Given the contemporary relevance of the Atlantis legend, I have imagined Plato transported in time to the present, free of the oppressive regime in Athens, and finishing Critias' account by writing the dialogue of the gods. Their vocabulary is a little archaic, but they can see and understand the contemporary world from their position of Olympian detachment. But not everyone is clearly against the dominating rich power with its advanced technology, military might, high standard of living, liberal values and free enterprise. But in the background is Gaea, personifying the spirit of the earth, whose biosphere is being destroyed, atmosphere polluted, mineral resources plundered to increase the wealth of the powerful few. They are conscious that, as before, their power over the whole "realm of change" is limited to trying to steer the affairs of the human beings who have invoked them, and try to avert the predicted cataclysms caused by the damage to Gaea that their headlong progress will trigger. Peter James writes at the end of 'The Sunken Kingdom' : "Ironically enough, it never seemed to occur to Plato that mankind itself could become an extra threat to the fragile environment […] Were he around today, Plato might have had less trouble completing his epic. We, the new Atlanteans, would have provided the model and the answer to the philosophical dilemma which seemed to halt his writing […]. Our appalling greed and abysmal lack of respect for the environment make the hubris of the old Atlanteans seem trivial. "

I began this project after making a number of prints and paintings on the Atlantis theme, but after a lot more reading, decided I needed a text to create an 'artist's book', expressing in images and words, passionately held convictions. I do not pretend to be a philosopher and hope that my presumption in trying to see the contemporary western world through the eyes of Plato will be forgiven, and that the images will be excuse enoug!h for the exercise.

CopyrightCedric Green, Beleterie 2002, les Grands Theves 2018


















pays myth



Unfinished last section of Plato's Critias (translated by Desmond Lee)

"This was the nature and extent of the power which existed then in those parts of the world and which god brought to attack our country. His reason, so the story goes, was this. For many generations, so long as the divine element in their nature survived, they obeyed the laws and loved the divine to which they were akin.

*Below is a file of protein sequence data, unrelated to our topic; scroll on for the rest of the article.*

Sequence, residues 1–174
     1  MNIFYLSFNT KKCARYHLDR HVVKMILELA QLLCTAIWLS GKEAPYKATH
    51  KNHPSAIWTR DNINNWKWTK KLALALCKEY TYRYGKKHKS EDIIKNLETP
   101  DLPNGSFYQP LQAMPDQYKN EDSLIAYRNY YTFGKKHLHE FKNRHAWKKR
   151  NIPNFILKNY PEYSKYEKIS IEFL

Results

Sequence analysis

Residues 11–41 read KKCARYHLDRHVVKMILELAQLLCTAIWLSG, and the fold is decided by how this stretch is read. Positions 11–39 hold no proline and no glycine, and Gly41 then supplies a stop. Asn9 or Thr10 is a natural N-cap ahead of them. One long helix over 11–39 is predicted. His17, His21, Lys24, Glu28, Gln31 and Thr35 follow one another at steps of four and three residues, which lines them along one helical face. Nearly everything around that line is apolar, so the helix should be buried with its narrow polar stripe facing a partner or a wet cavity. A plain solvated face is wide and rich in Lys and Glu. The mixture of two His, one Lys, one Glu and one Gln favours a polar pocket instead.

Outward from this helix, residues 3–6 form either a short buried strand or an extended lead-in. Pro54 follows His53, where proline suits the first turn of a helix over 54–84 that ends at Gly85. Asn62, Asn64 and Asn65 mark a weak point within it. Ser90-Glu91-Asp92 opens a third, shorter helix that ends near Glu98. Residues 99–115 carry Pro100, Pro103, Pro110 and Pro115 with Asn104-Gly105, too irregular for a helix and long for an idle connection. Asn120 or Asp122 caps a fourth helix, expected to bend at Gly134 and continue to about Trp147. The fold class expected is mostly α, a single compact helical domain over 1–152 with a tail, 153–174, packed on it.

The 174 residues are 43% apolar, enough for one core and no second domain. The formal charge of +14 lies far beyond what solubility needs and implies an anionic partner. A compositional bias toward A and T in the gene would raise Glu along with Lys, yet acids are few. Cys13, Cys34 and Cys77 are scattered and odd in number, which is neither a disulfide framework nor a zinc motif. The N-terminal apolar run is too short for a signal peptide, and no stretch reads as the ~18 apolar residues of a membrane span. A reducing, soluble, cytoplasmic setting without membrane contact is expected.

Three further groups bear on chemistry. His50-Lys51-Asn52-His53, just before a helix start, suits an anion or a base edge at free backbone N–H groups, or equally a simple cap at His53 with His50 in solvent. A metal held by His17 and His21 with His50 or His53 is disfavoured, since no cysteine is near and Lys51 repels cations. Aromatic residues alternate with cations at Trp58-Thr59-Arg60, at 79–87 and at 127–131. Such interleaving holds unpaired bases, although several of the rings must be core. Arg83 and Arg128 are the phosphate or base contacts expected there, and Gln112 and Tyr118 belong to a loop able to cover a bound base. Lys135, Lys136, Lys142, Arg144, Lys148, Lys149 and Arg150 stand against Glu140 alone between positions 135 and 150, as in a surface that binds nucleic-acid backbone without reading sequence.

They retained a certain greatness of mind, and treated the vagaries of fortune and one another with wisdom and forbearance, as they reckoned that qualities of character were far more important than their present prosperity. So they bore the burden of their wealth and possessions lightly, and did not let their high standard of living intoxicate them or make them lose their self control, but saw soberly and clearly that all these things flourish only on a soil of common goodwill and individual character, and if pursued too eagerly and overvalued destroy themselves and morality with them. So long as these principles and their divine nature remained unimpaired the prosperity which we have described continued to grow.

But when the divine element in them became weakened by frequent admixture with mortal stock, and their human traits became predominant, they ceased to be able to carry their prosperity with moderation. To the perceptive eye the depth of their degeneration was clear enough, but to those whose judgment of true happiness is defective they seemed, in their pursuit of unbridled ambition and power, to be at the height of their fame and fortune. And the god of gods, Zeus, who reigns by law, and whose eye can see such things, when he perceived the wretched state of this admirable stock decided to punish them and reduce them to order by discipline.

He accordingly summoned all the gods to his own most glorious abode, which stands at the centre of the universe and looks out over the whole realm of change, and when they had assembled addressed them as follows: . . . ."

  Here Plato laid down his pen ......... CLICK HERE TO DOWNLOAD FULL PDF FILE OF DIALOGUE to print out or read online